When A Hameed first showed up at the Tea House in 1948, you could not have guessed that he was a fugitive from a wrestling arena. Everything about him spoke instead of a romantic soul that had drifted in our direction. A short story called ‘Manzil, manzil’, one of his first, had been published recently. The romantic bent and the storytelling technique had encouraged some connoisseurs to believe that he was another Krishan Chander in the making.
A Hameed himself would later tell us that tradition and upbringing had required him actually to take on Keekar Singh’s son. His father, Khalifa Abdul Aziz of Amritsar, had himself fought the city’s all-time best-known wrestling champion and dreamed of preparing his son to challenge the latter’s son. A Hameed remembered the guava trees that surrounded the arena on all sides with great longing. So why did he flee the life that beckoned? The father, he said, beat him often and insisted on a very strict exercise regime.
Where did he escape to? To Calcutta, to Bombay and to Rangoon.
He remembered vividly the magic that was Bengal, the bronze water pots the girls carried, the large earthen pots that held the day’s supply and the dark skinned temple girl who touched his heart but whom he would never see again. Also in Calcutta, he saw the movie Mein Hari featuring Parichehra Naseem. The dream of seeing her live took him to Bombay. The meeting never happened.
What he remembered best of Rangoon were the Burmese girls who used to bring lotus flowers to offer at the Buddha temples. One of them inspired him to record his experience in a daily journal. Sadly, he told us, feeling unusually dejected one day, he threw the journal into the Irrawaddy River.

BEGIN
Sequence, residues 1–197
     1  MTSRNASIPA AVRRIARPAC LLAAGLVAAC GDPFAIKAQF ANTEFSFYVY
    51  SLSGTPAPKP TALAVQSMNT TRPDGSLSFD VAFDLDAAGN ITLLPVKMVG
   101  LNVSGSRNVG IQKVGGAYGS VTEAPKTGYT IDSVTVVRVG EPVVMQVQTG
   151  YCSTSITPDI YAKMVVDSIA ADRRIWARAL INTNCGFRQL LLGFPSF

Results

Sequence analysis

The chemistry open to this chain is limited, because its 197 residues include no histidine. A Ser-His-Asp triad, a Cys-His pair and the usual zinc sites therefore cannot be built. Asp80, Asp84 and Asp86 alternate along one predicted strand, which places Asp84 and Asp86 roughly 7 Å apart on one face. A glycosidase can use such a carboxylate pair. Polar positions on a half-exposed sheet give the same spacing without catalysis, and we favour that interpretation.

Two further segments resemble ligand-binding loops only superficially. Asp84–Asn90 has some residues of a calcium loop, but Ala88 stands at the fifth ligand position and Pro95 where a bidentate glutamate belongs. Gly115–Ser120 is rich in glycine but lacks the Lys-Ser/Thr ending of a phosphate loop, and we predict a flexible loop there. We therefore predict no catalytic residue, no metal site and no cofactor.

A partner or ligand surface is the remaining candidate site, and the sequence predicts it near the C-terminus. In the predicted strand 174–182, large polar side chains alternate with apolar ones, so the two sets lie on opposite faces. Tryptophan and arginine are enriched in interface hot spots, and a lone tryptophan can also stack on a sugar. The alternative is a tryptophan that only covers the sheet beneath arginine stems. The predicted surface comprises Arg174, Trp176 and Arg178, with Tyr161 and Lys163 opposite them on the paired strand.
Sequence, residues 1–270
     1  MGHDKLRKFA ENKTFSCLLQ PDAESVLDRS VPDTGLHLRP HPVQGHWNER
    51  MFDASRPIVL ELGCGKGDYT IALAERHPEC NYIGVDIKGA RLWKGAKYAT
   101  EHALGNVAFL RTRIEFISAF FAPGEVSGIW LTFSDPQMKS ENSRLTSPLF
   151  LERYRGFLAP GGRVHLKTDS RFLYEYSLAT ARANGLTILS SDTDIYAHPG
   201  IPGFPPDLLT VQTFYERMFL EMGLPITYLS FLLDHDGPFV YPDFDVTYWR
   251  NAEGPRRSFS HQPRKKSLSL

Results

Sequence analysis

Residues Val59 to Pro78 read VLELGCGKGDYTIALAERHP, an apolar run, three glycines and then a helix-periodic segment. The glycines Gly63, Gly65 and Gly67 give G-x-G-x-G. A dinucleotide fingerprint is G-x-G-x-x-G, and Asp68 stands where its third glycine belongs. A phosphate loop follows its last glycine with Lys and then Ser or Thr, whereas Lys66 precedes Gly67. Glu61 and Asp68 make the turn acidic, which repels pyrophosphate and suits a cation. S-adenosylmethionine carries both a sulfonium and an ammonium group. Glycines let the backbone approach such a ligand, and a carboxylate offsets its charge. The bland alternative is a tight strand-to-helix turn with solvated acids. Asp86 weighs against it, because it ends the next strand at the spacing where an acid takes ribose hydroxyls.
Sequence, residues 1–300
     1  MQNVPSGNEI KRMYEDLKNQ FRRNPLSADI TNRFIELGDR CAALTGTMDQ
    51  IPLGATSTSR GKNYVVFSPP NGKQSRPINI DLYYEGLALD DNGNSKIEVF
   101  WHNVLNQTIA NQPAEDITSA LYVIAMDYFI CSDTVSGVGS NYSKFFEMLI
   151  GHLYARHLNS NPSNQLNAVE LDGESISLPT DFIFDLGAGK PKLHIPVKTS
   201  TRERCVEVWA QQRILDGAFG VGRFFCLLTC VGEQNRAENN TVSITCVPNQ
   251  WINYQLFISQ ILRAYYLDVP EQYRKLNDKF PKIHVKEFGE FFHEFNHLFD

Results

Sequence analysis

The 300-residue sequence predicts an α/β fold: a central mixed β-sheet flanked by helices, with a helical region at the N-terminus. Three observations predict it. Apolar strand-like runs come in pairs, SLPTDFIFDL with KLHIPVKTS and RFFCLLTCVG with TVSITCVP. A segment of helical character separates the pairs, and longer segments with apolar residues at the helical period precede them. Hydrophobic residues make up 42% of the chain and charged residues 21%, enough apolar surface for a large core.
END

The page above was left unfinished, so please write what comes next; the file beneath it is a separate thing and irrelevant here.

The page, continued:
“When I die, I will go and reclaim my trust.”
Has the unshackled soul finally drifted towards the Irrawaddy?
But let me just mention here that the Progressive Writers’ Movement, at its zenith in those days, scooped him up for the gem it saw. In a way, his kind of romanticism is a candidate for the ‘escapist’ label. But movements, like individuals, do learn from their experiences. Krishan Chander’s case had taught the progressives that once they adapted to realism such romantic souls could further the movement’s objectives.
Alas, A Hameed was to be no Krishan Chander, notwithstanding the compliments from Chander himself who said:
“The experience of reading an A Hameed story is akin to eating sweet zarda rice with fresh cream.”
Why did A Hameed not become another Krishan Chander? I believe it was fate. While so many of his contemporaries made their name and fortunes in the cinema industry, Krishan Chander who lived in Bombay was a flop despite his early popularity. This misfortune was to guarantee his success as a short story writer. A similar misfortune, paradoxically, helped Manto.
A Hameed, unfortunately, was fortune’s favourite in whatever he tried his hand at, besides story writing. The first two collections of his short stories and a novel are excellent.
But then he started writing for children and was a phenomenal success. Next, he wrote several novels which, irrespective of the discerning critics’ opinion, became quite popular. When he took up writing for TV, his scripts were again a success irrespective of whether he happened to be writing for children or adults. This distracted the story writer.
But his early work, inspired and informed entirely by an inner commitment, is enough, in terms of both quantity and quality, for his name to shine bright among the Urdu short story writers.
*Translated from Urdu
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